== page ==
No curve was too sharp for them and their bicycle. No puddle was deep enough to stop them. -- Friends by Helme Hein

16 November, 2011

It's Getting Pretty Hygge in Here

 Hygge was the first word of Danish we learned, which says a lot about how important it is to the Danish culture.  Directly translated, hygge means "socialize", but it's mostly used to describe a pleasant, cozy or comfortable place or time.  Candles, good friends, music, comfort food and drinks all add to a feeling of hygge.

The sun set at 4:02 p.m. today, November 16.  The shortest days are still to come and we are trying to adjust to the long nights.  It's rumored that Danes use the most candles in the world (who keeps these stats?), and in trying to assimilate to our new culture (ha!), we have already whipped through an entire package of IKEA tea lights trying to add a touch of hygge to our house in the long, dark evenings.  

 Christmas, or Jul in Danish, is a big hygge time.  The jul season seems to start earlier than the Christmas season in the US, with people eagerly beginning crafts, attending jul brunches and browsing julemarkeds for just the right ornaments in early November.  The julemarkeds are what I've most been looking forward to.  I loved the Christmas markets of Vienna and Germany, with their gluhwein and marzipan cookies.  So far, these Christmas markets seem to be on a smaller scale, but I've yet to see Tivoli in all its Christmas glory.  Yesterday, the baby and I made good use of the waning sunshine and wandered through the Nyhavn Christmas market.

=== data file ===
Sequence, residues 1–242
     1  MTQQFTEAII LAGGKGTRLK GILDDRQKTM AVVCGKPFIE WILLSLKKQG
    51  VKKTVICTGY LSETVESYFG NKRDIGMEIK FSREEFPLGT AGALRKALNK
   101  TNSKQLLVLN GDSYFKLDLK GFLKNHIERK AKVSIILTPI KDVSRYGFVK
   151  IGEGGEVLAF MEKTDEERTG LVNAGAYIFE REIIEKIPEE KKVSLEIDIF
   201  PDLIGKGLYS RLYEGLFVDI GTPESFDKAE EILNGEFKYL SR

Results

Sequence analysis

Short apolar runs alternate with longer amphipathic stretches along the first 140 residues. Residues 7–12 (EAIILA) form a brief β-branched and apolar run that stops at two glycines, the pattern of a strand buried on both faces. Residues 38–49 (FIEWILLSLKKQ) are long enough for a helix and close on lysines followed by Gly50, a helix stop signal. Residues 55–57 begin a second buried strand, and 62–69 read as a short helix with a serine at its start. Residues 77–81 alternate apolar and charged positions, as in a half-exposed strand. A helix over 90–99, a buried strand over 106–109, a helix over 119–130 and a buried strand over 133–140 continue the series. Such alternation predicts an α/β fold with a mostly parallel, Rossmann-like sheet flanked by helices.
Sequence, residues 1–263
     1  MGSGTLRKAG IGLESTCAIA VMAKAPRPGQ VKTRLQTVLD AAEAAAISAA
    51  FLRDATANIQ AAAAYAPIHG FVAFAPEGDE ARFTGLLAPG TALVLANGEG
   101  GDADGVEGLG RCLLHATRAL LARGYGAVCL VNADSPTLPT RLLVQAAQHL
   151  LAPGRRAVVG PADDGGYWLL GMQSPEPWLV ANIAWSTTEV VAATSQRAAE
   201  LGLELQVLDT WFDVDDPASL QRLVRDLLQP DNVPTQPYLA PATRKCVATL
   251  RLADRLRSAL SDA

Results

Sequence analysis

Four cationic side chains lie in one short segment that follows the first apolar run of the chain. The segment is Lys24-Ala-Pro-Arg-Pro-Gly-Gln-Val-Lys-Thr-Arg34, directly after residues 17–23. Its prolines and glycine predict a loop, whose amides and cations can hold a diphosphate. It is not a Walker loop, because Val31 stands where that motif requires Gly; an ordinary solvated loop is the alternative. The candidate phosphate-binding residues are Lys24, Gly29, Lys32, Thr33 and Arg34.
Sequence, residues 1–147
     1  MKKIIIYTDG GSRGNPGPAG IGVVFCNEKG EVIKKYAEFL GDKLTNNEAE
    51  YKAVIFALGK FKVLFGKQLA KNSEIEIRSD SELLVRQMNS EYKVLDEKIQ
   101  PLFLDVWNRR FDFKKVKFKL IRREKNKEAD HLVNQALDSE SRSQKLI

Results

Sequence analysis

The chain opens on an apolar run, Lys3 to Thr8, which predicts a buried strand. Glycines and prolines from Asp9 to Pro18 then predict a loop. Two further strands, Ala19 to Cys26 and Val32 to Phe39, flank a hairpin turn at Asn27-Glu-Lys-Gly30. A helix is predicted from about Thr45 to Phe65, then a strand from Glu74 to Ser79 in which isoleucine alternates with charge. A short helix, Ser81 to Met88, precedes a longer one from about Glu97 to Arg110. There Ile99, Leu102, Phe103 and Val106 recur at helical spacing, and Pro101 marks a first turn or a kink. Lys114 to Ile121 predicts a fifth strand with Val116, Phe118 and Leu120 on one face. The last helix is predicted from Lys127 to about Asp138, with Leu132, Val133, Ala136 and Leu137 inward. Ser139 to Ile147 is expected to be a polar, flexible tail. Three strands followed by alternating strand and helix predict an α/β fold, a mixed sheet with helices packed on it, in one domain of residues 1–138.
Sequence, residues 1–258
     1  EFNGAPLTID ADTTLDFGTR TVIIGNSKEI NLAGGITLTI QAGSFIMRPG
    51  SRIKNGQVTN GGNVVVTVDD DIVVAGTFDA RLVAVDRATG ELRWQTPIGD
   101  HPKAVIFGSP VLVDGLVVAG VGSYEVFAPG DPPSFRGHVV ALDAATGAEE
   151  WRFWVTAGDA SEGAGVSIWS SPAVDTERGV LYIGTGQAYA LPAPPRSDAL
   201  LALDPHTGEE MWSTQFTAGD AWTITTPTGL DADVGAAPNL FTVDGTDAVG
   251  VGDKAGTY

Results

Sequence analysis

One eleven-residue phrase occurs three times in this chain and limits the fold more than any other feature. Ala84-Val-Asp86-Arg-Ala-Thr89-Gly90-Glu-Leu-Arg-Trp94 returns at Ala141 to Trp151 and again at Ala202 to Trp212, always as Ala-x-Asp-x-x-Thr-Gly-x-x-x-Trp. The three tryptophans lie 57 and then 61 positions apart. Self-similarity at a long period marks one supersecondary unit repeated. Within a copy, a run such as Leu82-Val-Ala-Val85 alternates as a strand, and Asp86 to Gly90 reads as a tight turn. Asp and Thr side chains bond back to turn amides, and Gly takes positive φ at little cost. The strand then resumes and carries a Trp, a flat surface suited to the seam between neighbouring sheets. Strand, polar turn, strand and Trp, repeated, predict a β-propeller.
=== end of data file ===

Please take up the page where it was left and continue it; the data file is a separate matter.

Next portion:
Christmas ornaments and advent calendars for sale at the stalls.  
I grew up loving the anticipation of adding a new ornament to our homemade advent calendar each day in December, but after seeing the advent calendars here, I realize I was being shorted!  Who knew that kids across the world from me were getting toys each day!  The stores are flooded with all types of advent calendars, from Haribo gummy candies to chocolate to even Lego advent calendars!  Holy cow, my 8 year old self really wishes I'd spent Christmases in Denmark.  

 Despite the cold temperatures, outdoor seating at Nyhavn is still the best for a hygge time.  The Danes do it up with candles, heat lamps, Irish coffee and blankets on every chair.

 Gorgeous knit sweaters and mittens at a julemarked stall.

One thing we missed in Japan that we are getting plenty of here in Denmark is good microbrews.  There are lots of small batch beers that remind us of home in Oregon.  For Christmas, the Danish julebryg (pronounced yool brew) goes on sale in November.  To kick off the julebryg season, the last day in October is a national celebration known as J Day, where Tuborg employees drive around singing Christmas beer songs and deliver free julebryg to bar patrons. Very hygge. Unfortunately, some celebrations you have to sacrifice when you have a baby.

And finally, what says hygge better than a baby in a fleece suit in a cute wood hut?

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